Robert Courtney wasn't the typical white-collar criminal.
When the Kansas City, Mo., pharmacist confessed to diluting cancer drugs, affecting as many as 4,200 patients, he showed little emotion, according to Robert Herndon, an FBI special agent who worked the case.
"He never expressed any real remorse for what he had done," Herndon said. "He carries himself a little bit different than most people think. He does not come across as being a warm and friendly pharmacist."
Herndon on Monday gave an insider's perspective on the case that shocked the region and grabbed national headlines. He presented Kansas University's 2006 Walter S. Sutton Ethics Lecture, "Diluted Trust: Moral Failure and White Collar Crime." The lecture drew a standing-room-only crowd of more than 500 people to Woodruff Auditorium at the Kansas Union.
Courtney, now serving a 30-year prison sentence, pleaded guilty in 2002 to diluting chemotherapy drugs for profit.
Some never confess. But for those who do, the confession is often followed with an expression of remorse or regret, Herndon said. Not so with Courtney.
"I'd say he's atypical," he said.
Herndon gave insight into several cases he helped investigate, including the 1990s Archer Daniels Midland price-fixing scandal.
Herndon said white-collar criminals are united in their greed, often for money or power.
"They had a single focus in their life," he said. "They put the money part or the financial part ahead of everything else."
Joseph Reitz, KU business professor and co-director of KU's International Center for Ethics in Business, said the university invited Herndon to talk with students and send them a message about ethics.
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"I'm tired of hearing about white-collar crime," Reitz said. "I'm afraid our students are getting the wrong picture."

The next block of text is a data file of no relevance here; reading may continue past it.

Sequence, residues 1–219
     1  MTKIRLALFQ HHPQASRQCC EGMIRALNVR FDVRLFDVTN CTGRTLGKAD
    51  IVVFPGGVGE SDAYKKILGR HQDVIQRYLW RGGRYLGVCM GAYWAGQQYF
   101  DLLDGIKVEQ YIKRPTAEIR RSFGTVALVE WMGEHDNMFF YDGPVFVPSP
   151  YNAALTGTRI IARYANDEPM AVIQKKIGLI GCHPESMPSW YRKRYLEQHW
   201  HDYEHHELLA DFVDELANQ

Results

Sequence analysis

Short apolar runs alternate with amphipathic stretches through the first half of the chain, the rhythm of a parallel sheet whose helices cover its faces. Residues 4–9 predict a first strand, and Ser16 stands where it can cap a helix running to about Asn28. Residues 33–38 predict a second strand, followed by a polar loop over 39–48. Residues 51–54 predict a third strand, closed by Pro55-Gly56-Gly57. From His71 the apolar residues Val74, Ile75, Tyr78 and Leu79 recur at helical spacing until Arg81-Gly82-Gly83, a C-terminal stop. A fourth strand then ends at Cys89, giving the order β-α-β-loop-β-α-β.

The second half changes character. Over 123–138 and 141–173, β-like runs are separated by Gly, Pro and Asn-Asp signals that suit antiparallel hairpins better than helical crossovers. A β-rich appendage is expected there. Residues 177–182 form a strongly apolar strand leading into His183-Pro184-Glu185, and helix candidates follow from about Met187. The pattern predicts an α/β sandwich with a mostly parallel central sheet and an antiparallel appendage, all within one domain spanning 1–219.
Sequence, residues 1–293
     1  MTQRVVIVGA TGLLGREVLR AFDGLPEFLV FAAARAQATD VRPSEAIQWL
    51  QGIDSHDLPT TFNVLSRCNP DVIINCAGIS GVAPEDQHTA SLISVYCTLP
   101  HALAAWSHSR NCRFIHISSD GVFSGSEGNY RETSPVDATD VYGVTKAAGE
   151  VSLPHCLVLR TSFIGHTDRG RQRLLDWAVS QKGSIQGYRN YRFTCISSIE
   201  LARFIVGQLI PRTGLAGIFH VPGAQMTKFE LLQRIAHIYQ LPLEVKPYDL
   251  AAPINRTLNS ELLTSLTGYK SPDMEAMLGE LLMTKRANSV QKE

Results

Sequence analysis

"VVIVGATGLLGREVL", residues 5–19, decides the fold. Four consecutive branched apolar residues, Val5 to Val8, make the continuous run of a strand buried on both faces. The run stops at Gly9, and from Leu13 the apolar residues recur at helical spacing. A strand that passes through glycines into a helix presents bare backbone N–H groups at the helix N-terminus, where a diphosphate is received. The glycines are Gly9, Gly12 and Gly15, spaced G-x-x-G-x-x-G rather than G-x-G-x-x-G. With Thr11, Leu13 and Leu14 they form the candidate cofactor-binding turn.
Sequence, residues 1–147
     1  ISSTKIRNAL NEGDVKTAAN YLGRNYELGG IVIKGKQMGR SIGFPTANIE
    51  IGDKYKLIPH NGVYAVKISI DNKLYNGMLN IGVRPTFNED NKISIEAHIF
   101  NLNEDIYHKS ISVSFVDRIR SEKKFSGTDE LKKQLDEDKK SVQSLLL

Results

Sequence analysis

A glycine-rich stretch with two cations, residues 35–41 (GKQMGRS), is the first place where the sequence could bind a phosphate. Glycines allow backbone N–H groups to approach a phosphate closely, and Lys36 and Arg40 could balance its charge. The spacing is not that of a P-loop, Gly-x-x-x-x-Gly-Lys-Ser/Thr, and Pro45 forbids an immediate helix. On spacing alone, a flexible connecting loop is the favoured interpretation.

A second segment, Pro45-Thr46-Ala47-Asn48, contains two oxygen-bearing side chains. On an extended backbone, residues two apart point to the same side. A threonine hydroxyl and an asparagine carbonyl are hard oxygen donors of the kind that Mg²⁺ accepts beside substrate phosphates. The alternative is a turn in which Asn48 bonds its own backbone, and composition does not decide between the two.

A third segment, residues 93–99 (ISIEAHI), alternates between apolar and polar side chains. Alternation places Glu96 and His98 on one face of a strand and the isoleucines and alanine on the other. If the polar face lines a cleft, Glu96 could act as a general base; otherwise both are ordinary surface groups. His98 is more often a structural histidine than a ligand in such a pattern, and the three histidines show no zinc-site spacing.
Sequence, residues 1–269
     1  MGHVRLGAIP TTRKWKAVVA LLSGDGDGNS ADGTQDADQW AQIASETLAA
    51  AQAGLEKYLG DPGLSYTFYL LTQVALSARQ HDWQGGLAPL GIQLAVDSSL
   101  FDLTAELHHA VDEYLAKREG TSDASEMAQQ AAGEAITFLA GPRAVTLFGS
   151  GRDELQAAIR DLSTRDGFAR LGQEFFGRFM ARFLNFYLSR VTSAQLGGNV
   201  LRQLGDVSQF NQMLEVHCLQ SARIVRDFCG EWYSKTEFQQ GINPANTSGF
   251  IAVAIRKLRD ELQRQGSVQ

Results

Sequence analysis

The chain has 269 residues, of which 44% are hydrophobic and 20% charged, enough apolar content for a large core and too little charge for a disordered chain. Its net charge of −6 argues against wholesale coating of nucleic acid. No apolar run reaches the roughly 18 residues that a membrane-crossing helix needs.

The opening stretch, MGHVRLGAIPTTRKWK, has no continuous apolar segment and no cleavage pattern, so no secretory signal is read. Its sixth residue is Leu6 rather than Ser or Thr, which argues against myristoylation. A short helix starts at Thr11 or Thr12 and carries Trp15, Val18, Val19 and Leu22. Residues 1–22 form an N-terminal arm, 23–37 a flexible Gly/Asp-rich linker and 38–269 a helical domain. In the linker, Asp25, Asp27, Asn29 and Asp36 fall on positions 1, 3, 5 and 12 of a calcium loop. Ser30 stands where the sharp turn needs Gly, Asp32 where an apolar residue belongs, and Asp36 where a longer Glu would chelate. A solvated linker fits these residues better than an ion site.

Sarah McGee, a KU business major, said the business school appeared to be focused on ethics - and that's a good thing.
Taking the easy, illegal way can seem tempting, she said, but it's not the right way to go.
"It's just not worth it," she said.
Herndon said the people he investigates come from good families and get good jobs, but greed leads them astray. He pressed the students to take the higher road.
White-collar criminals are similar to other criminals in their stupidity, Herndon said.
"I think all criminals are dumb," he said. "It doesn't make sense to commit a crime."
But their pressure points can be different.
While other criminals may like to brag about their crimes and accept, if not relish, the media attention, white-collar criminals fear the raising of the curtain, the newspaper headlines and the chance that family might find out.
"What they fear most is embarrassment," Herndon said.
White-collar crime was a top priority for the FBI for years. On Sept. 11, 2001, agents were meeting with FBI Director Robert Mueller to discuss the Courtney case - at the time the biggest case for the FBI in the country. In the midst of the meeting, Mueller was notified of the terrorist attacks and the focus changed, Herndon said. In the wake of 9-11, the FBI turned its focus to terrorism.
Herndon, a KU graduate, grew up watching "The F.B.I.," a show that ran in the 1960s and early 1970s. An F.B.I. recruiter went to his church. A Secret Service agent lived in his neighborhood.
When he studied for a business administration and accounting degree in the 1980s, it was with the knowledge that the FBI often hired accountants. And when faced with the option of spending his days compiling financial statements or joining the FBI to help "save the world," Herndon said he opted for the latter.
He's working on a corporate fraud and a mortgage fraud case now, he said, but he would not give details.